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Make Challenges into Opportunities

Close School student strives to bring innovation and awareness to a Sri Lankan city.

Make Challenges Into Opportunities

April 11, 2017

Civil war. Political corruption. Widespread domestic abuse. These are seldom descriptions of the typical upbringing of an American college student, but for Close School freshman, Birendra Siriwardhana, growing up in Sri Lanka posed many challenges. However, Birendra did not see these as challenges - he saw them as an opportunity to make a difference.

Three decades of civil war plagued Sri Lanka, leaving decimation in its path. These war-torn regions lead to civil unrest, ethnic/gender persecution, and severe socioeconomic problems that quickly spread to other parts of the country. Combined with an economic deficit left behind by the former Sri Lankan president, conditions worsened.

Stories of gender-based discrimination and abuse often travelled to Birendra’s hometown of Colombo. It wasn’t until the age of 15 when Birendra, would come to the horrible realization that these crimes were not just being committed in poor, less affluent areas. Instead, a horrific story of gender-based abuse surfaced among his sister’s 10-year-old peers.

Birendra knew he had to get involved.

Birendra chose to spend his 2-week school mandated work program giving back by building homes for those displaced and disadvantaged from the Eelam Wars. Although his charity brought him to dangerous places like the Mullaitivu District, Birendra did not hesitate. Alternatively, Siriwardhana sought ways to influence society on a greater scale.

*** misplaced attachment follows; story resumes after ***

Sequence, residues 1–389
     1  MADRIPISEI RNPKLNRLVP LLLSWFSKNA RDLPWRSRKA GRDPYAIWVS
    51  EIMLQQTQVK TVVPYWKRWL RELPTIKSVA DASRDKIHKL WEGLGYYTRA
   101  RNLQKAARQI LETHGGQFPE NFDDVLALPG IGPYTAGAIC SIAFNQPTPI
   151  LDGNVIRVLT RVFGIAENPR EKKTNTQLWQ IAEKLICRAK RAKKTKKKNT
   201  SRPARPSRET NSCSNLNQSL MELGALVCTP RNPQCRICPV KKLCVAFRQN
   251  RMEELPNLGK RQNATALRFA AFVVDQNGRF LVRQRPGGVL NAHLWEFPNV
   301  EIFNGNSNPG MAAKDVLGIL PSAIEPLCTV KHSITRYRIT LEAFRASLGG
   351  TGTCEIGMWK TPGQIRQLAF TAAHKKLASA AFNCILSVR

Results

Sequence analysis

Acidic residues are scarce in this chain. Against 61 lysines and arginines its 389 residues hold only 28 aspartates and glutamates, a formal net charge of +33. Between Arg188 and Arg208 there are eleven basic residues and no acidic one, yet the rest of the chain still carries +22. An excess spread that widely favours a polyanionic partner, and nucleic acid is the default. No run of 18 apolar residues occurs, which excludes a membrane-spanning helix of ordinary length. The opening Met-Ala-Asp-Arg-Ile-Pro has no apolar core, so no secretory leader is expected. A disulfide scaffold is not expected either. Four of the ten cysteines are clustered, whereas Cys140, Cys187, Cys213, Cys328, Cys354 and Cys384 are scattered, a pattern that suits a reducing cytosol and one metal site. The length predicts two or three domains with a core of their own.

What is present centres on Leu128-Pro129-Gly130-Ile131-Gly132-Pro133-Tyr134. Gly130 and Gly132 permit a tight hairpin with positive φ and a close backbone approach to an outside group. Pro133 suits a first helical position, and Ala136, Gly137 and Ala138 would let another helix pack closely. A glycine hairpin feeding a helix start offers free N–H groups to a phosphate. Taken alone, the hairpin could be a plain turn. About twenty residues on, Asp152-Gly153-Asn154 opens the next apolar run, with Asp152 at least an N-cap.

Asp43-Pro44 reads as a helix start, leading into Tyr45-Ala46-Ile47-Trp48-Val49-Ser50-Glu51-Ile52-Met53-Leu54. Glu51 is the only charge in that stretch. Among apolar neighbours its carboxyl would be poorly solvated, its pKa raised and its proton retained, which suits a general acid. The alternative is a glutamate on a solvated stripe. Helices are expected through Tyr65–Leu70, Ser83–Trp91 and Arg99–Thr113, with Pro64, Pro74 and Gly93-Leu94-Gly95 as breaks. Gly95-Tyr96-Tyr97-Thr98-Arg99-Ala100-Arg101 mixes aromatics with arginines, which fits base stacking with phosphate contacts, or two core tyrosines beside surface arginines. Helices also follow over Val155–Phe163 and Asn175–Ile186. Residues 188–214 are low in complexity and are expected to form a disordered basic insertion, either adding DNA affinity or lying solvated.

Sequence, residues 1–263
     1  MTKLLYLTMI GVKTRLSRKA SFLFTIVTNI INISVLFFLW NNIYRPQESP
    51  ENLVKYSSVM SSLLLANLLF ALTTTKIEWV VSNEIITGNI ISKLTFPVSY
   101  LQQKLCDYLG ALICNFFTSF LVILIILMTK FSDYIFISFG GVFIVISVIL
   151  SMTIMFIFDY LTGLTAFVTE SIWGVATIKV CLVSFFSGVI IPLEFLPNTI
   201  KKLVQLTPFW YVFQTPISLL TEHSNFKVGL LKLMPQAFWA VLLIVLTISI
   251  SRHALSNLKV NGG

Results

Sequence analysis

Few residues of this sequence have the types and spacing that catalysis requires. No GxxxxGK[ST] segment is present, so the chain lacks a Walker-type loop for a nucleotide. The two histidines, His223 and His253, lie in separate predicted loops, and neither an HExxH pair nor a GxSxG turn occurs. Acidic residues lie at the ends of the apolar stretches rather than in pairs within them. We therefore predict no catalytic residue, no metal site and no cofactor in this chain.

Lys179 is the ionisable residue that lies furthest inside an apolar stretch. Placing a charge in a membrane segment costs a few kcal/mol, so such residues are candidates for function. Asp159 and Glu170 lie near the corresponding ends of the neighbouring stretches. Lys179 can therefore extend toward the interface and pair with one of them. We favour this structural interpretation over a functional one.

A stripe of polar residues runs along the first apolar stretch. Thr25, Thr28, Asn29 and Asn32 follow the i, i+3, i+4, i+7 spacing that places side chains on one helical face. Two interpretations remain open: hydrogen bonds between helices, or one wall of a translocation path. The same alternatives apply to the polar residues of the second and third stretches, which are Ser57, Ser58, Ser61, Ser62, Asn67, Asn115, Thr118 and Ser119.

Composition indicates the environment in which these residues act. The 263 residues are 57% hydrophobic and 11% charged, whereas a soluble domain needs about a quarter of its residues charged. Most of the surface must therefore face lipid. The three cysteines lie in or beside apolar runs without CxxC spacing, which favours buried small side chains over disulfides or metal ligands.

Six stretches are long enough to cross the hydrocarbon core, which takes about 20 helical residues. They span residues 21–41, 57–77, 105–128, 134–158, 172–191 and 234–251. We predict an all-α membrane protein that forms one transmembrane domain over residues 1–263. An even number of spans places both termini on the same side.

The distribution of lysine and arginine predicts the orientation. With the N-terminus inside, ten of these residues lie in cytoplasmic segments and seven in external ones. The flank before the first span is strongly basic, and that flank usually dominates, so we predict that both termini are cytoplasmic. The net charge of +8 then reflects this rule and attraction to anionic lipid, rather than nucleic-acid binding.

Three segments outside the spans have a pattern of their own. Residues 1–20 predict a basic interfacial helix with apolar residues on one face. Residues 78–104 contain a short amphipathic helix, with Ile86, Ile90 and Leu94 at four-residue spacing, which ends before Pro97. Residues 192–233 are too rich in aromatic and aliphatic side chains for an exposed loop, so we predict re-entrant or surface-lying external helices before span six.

With the help of friends and family, Birendra founded the Youth Awareness Program (YAP), who profess that, “facilitating a world where women have the power to make choices most conducive to their mental, physical, and economic well-being is THE step towards a developed and changed society”. Birendra spearheaded four large conferences with activities such as interactive plays, concerts, and seminars to spread the program’s message to thousands.

Fast forward to 2016, Birendra was on a gap-year considering the possibilities of various colleges in the U.S. Still, he is focusing on bringing innovation to Sri Lanka. In his research, he laid out a plan of action for an “Innovation Neighborhood” in Colombo. On Accepted Student Day at Drexel, Birendra caught wind of the Schuylkill Yards Project. This $3.5 billion development project, which focuses on boosting Philadelphia’s economy and entrepreneurial ecosystem, was precisely the vision he had to propel innovative initiatives in his home country. The stars aligning in front of him, he found the project as inspiration for his own brainchild.

“...[Schuylkill Yards is a] new neighborhood based on innovation [with] world-class open space in the tradition of the public square of Philadelphia,” announced President John Fry, at the project’s unveiling in October. The new neighborhood of mixed-use spaces will feature: entrepreneurial spaces, academic facilities and research labs, corporate offices, residential and retail locations, hospitality and cultural venues, and public open spaces.

With Birendra’s newfound inspiration behind the initiatives propelling the Schuylkill Yards Project, he strives to apply this same innovation to Colombo. He aspires to bring awareness to the societal and economic disadvantages the people of Sri Lanka face by boosting his home country’s economy.

Logan Levenson, Communications, Charles D. Close School of Entrepreneurship